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8 best practices for managing millennials

What is the most important thing you can do to improve your relationship with your millennial employees? Understand them and work with their strengths. Today, millennials make up a huge percentage of the workforce, and so it’s essential to both appreciate how to effectively manage them and understand how to encourage their leadership skills.

If your company isn’t effectively managing millennials, then even the most impressive list of benefits won’t keep them at your company. They will be looking elsewhere—and will leave as soon as they find something better.

A strong company needs strong management practices that play to the strengths of their employees. Here are some tips with easy-to-implement practices that will help your organization get better at managing millennials.

First of all, it’s important to make sure that you understand who your workers are and what matters to them most. Millennials play an increasingly large role in the workplace, and they bring unique attitudes, experiences, and perspectives.

  • Millennials are less likely to stay in a job simply for a paycheck. According to research we did in partnership with The Ladders, they tend to choose a job for a certain work experience, and if they do not get that expected experience, they are likely to look elsewhere.
  • They are looking for jobs that provide meaning and purpose. They are drawn to brands they connect with—and will stay with and advocate for companies that honor their promises and make them feel like what they do matters.
  • They want to use their individual talents and strengths to achieve their best. If they aren’t given opportunities for personal and career growth at their company, they are likely to move on.
  • They prefer real-world, practical actions that actually show results. Clearly defined goals and regular feedback are essential to them.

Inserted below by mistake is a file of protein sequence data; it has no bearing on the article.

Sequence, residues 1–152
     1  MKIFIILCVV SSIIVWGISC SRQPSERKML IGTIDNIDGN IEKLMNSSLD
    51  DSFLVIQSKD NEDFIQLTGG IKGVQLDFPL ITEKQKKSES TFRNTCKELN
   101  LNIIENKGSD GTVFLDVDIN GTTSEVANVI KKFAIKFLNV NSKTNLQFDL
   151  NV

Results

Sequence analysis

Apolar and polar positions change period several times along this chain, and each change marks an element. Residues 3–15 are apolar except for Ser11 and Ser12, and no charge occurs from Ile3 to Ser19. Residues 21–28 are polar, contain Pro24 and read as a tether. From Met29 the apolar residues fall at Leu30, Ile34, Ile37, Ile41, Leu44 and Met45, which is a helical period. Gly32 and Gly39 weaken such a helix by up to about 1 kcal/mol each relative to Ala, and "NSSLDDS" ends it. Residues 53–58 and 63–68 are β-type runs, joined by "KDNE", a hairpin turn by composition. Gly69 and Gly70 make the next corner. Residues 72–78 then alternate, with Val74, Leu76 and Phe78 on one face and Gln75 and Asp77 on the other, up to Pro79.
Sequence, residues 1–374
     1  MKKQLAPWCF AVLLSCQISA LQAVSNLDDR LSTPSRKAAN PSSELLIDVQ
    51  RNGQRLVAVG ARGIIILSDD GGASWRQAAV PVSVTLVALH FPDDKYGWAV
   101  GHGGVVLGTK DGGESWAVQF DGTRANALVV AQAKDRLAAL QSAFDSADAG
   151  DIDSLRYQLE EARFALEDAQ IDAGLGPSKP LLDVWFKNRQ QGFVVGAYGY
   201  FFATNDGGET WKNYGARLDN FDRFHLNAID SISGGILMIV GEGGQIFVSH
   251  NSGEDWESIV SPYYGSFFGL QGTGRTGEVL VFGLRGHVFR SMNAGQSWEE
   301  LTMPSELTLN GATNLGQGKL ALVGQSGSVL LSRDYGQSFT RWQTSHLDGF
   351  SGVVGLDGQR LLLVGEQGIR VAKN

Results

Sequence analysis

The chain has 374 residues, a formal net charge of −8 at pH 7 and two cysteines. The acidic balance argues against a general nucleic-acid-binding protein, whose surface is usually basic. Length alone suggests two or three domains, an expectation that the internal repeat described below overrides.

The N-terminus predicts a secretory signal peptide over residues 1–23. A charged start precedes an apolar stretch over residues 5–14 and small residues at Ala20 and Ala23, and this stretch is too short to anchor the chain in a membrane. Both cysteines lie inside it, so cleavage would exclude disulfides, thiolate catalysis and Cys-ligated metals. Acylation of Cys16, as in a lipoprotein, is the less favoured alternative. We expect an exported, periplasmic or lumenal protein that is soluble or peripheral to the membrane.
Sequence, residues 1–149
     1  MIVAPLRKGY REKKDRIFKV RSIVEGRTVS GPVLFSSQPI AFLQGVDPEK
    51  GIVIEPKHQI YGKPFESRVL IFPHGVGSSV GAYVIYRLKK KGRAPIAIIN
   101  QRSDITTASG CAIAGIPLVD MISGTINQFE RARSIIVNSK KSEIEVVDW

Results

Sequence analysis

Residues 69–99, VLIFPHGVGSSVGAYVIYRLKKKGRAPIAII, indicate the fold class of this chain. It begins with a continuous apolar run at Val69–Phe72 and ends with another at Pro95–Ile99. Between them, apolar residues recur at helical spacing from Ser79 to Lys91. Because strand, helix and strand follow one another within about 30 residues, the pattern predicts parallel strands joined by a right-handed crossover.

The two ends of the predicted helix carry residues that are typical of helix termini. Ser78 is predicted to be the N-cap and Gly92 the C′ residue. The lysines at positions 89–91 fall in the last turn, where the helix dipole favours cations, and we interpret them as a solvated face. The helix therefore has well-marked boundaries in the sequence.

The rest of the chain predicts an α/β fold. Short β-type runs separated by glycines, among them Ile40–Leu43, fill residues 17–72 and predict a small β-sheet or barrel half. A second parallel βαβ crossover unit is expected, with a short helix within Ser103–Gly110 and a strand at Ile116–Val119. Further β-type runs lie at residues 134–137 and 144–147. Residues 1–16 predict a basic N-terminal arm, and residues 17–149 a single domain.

Managing millennials is like managing anyone else—you’ve got to find the tactics that make it easier to drive their development and enhance how you communicate:

  • Offer ongoing feedback. An annual performance review just isn’t enough for this generation. They want regular feedback and regular assessments of how they are doing.
  • Give them opportunities for professional growth. According to research by Cone Communications, 93% of millennials are motivated by the ability to take classes, learn new skills, and advance in their careers.
  • Incorporate meaningful personal experiences. 90% of millennials in the workforce are motivated by chances to explore new places and meet new people.

Be sure to establish and share clear and consistent goals for individual employees, teams, and your overall company.

  • Collaborate on goal-setting. Allowing your employees input on their personal work goals motivates and engages them more than simply having goals assigned to them.
  • Make the goals clear. You should be discussing these goals frequently with individual employees, your entire team, and your corporate leadership.
  • Set milestones along the way. Be sure to celebrate all achievements—however small. We found that 87% of millennials are motivated by personal recognition.

Millennials can be strong team players, but like anyone, they like to feel a sense of team spirit and want to feel like they are part of their company’s success. This means that as part of managing millennials, you need to offer them opportunities to work as part of a group with others.

  • Provide mentors and/or team leaders. Millennials are the kind of employees who will check with others before starting a project, are eager to offer their own ideas, and willingly listen to the input of others.
  • Let them work together. Because teamwork has been cultivated in their schooling, sports, and play, millennials work much better together to accomplish clear goals.
  • Create communities. Millennials love to advance the welfare of a group—even over their own individual success. They have grown up creating both virtual and real-world communities focused on shared interests, values, and goals. Managers should nurture this sense of community in order to attract, engage, and retain millennial employees.

Millennials tend to want to make a statement with their lives and with their jobs. They need to feel that what they do is meaningful and actually makes a difference in the world. This also serves to increase employee engagement—which in turn improves employee retention rates.

  • Initiate recycling programs at work, and enable employees to pursue philanthropic causes affiliated with your company. Research by Cone Communications indicated that 75% of millennials are willing to take a pay cut in order to work for a socially responsible company, and 89% expect their employers to provide activities for environmental responsibilities in the workplace.